SeaWorld, the once-popular and still well-known theme park company that gained fame for their trained aquatic animal shows, has been under intense scrutiny over the last several years in the wake of a documentary that was released in 2013 called Blackfish. This documentary focused on the cruel treatment of orcas, dolphins, sea lions, and other animals in the care of SeaWorld, as well as the death of a trainer who was killed by a male orca. SeaWorld has been attempting to regain their popularity since the release of the documentary, but their efforts have proven to be ineffective overall.
A Major Setback
For the longest time, SeaWorld had a reputation that was essentially positive. Perhaps this was due to their ability to maintain decent efforts to make their animals as comfortable as possible, but most of it was due to the fact that most of their shadier dealings were never highly visible to the public. It wasn’t until the July 2013 release of the film Blackfish that some of those practices were thrust into the public eye.
In an effort to maintain park attendance, SeaWorld recently announced they would be restructuring their brand to focus more on conservation while moving away from trained-animal shows. This is the result of intense efforts to find ways to turn around several years in a row of falling attendance rates and revenues. The brand no longer offers a theatrical experience for their killer whales, but they have started to unveil an Orca Encounter experience that allows park patrons to interact with the orcas in a safe environment totally separate from the whales.
In another move to win back some positive public opinion, SeaWorld announced they would be ending their captive breeding program. Of course, this may prove to be a surface solution since they already have nearly 30 orcas, and one of those orcas is pregnant. Orcas can live to be 60 years old easily, so unless the whales have unnaturally short lives or they are released to the wild, SeaWorld could easily be around for many years without the need for an active captive breeding program.
With less emphasis on the orcas shows, patrons who had no ethical issue with the circus-style performances stopped attending the parks because SeaWorld suddenly didn’t offer what they wanted. Unfortunately for SeaWorld, this move came too late since they had already lost the customers who did have an ethical issue with the shows. It takes much more effort to bring back patrons than it does to lose them, and SeaWorld is losing patrons at a rate far greater than they are bringing them back.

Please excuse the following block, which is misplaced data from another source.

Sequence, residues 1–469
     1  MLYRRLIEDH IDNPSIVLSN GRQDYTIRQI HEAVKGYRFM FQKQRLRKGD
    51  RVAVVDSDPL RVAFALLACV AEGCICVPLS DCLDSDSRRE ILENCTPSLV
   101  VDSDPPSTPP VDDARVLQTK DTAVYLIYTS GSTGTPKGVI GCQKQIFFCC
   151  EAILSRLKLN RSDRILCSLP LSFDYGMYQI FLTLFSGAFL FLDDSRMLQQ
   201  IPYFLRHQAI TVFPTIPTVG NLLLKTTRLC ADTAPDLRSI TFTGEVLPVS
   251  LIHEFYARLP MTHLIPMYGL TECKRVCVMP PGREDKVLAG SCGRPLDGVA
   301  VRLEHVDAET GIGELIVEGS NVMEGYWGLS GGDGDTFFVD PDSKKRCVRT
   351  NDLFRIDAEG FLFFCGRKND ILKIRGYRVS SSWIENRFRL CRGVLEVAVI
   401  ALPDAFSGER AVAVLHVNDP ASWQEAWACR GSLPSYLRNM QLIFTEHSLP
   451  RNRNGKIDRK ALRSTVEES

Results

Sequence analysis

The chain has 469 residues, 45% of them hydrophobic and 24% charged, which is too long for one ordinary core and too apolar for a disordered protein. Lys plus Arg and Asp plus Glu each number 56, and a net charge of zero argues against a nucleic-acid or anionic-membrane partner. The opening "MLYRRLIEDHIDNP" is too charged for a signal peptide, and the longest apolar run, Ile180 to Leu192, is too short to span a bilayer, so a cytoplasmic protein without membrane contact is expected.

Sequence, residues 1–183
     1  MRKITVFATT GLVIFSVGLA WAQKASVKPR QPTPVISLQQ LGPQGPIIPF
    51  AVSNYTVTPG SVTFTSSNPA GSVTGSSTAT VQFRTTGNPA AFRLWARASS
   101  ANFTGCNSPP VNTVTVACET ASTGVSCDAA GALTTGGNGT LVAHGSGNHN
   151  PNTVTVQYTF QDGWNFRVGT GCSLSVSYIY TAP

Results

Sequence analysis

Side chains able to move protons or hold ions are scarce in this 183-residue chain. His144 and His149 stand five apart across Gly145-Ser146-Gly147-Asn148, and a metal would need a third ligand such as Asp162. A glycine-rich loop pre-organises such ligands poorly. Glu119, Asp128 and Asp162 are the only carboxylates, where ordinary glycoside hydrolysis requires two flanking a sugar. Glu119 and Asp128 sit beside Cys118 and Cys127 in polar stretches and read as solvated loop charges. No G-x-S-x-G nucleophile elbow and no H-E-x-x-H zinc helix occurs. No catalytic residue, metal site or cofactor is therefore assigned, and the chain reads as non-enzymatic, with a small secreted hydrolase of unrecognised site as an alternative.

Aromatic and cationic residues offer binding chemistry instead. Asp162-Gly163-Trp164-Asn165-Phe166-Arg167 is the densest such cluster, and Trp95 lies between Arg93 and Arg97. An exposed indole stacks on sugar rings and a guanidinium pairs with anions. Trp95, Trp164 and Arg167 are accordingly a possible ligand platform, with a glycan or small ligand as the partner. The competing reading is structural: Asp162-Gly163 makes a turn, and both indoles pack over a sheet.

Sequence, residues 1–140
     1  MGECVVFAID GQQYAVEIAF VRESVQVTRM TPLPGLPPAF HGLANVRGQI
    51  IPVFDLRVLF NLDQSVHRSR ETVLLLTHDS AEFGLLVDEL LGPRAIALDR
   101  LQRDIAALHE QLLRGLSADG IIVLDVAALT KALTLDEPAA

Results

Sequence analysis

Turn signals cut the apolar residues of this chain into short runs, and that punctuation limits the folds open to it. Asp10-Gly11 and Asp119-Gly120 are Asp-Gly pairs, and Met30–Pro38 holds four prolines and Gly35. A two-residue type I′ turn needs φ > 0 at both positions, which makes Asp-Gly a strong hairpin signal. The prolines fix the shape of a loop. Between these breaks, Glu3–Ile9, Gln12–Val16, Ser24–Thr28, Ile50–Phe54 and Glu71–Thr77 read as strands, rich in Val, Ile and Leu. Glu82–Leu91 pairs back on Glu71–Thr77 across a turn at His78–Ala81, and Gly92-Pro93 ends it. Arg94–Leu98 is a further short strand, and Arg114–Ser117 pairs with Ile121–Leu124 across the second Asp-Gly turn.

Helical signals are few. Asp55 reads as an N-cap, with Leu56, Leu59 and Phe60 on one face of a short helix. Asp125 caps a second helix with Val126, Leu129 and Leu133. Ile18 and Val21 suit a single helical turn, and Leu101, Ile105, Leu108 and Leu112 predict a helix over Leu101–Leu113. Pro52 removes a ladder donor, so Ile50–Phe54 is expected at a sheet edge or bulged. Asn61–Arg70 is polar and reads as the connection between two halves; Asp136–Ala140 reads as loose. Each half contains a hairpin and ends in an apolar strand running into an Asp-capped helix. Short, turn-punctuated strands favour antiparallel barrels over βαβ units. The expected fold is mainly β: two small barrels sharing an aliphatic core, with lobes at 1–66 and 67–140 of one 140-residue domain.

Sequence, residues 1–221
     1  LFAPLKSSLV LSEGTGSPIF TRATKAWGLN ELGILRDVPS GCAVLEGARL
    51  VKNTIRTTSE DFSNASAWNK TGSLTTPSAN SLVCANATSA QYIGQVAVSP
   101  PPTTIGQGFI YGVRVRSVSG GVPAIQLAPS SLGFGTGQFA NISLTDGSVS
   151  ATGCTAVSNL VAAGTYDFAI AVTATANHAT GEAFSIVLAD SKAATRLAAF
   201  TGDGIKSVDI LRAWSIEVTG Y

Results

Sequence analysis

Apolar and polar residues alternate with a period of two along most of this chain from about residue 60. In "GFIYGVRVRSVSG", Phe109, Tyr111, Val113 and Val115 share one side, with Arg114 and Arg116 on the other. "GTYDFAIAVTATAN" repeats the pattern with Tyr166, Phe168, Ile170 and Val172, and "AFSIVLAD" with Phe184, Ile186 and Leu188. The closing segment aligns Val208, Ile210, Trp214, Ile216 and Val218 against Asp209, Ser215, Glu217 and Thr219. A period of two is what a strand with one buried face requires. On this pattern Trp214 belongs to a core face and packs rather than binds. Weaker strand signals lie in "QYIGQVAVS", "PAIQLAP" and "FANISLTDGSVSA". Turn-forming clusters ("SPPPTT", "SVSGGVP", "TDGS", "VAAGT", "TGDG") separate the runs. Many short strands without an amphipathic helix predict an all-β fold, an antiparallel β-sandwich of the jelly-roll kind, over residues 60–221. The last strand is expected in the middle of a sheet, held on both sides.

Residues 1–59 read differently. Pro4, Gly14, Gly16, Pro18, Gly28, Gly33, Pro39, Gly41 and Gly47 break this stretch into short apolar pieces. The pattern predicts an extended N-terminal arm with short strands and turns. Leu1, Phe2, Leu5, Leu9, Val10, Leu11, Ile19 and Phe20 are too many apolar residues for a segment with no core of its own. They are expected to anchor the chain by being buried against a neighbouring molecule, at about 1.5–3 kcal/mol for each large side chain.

Decrease in Local Attendance
While SeaWorld does attract visitors from all over the nation, it tends to survive on local patrons for the majority of their business. Local attendees are usually a regular source of income for theme parks, but the backlash from Blackfish has affected every demographic for the brand. In just a single quarter in 2016, the company saw a decrease in attendance from the previous year of nearly half a million across all their parks. It was such a severe decrease that the company was forced to release a statement to their investors that the full-year profit projections were going to be about 25 million less than expected.
It is no surprise that decreases in the brand’s popularity would affect attendance from all groups, even local attendees, but the sort of losses that have been seen show that SeaWorld is losing many regular attendees every single year. Share prices continue to fall as the brand deals with less revenue and wavering public opinion. Since the halting of the orca shows and the massive amount of work done by SeaWorld to bring back their positive image, the theme parks have seen their losses almost level off, but they still have quite a long way to go before they could be called stable.
The Core Issue
One thing that Blackfish certainly did was to bring the issue of marine mammal captivity and the realities of it to the mainstream. In much the same way that the Ringling Brother’s circus failed to evolve in a world that doesn’t tolerate animal cruelty, SeaWorld could easily become a contentious point within society. The public has essentially decided as a whole that it is opposed to the idea of confining aquatic mammals in large water tanks made from white concrete simply so they can perform tricks for the entertainment of people.
Even with SeaWorld’s cessation of their captive breeding program, the brand is still seeing declines in attendance. According to PETA, the primary opponent to the activities of SeaWorld, the public has finally realized that these animals don’t deserve to spend their lives in relatively small tanks. It can make the animals unstable, and they often experience physical side effects like bent fins. They can even lose teeth by grinding them on metal bars in their tanks.
Public opposition to the methods that SeaWorld used to generate their initial popularity is higher than ever, and if they want to survive the change of public opinion, they will have to make drastic changes to their immediate and long-term practices. Unfortunately, as much as they want to make it seem as if their primary focus is the treatment of the animals, they are first and foremost a company, and companies are bound by profit.